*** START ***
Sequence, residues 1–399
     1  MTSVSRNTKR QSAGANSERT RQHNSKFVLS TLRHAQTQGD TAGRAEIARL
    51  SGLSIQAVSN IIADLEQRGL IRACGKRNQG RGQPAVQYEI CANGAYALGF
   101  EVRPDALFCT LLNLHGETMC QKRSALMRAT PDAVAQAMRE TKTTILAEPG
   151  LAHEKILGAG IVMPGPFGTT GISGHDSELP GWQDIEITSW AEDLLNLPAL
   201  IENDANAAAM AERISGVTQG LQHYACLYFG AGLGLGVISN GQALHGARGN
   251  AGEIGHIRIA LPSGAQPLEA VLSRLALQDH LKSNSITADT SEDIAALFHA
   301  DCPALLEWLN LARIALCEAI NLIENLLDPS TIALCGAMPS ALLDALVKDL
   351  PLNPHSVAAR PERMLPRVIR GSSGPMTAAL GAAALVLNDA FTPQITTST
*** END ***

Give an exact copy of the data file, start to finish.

Sequence, residues 1–399
     1  MTSVSRNTKR QSAGANSERT RQHNSKFVLS TLRHAQTQGD TAGRAEIARL
    51  SGLSIQAVSN IIADLEQRGL IRACGKRNQG RGQPAVQYEI CANGAYALGF
   101  EVRPDALFCT LLNLHGETMC QKRSALMRAT PDAVAQAMRE TKTTILAEPG
   151  LAHEKILGAG IVMPGPFGTT GISGHDSELP GWQDIEITSW AEDLLNLPAL
   201  IENDANAAAM AERISGVTQG LQHYACLYFG AGLGLGVISN GQALHGARGN
   251  AGEIGHIRIA LPSGAQPLEA VLSRLALQDH LKSNSITADT SEDIAALFHA
   301  DCPALLEWLN LARIALCEAI NLIENLLDPS TIALCGAMPS ALLDALVKDL
   351  PLNPHSVAAR PERMLPRVIR GSSGPMTAAL GAAALVLNDA FTPQITTST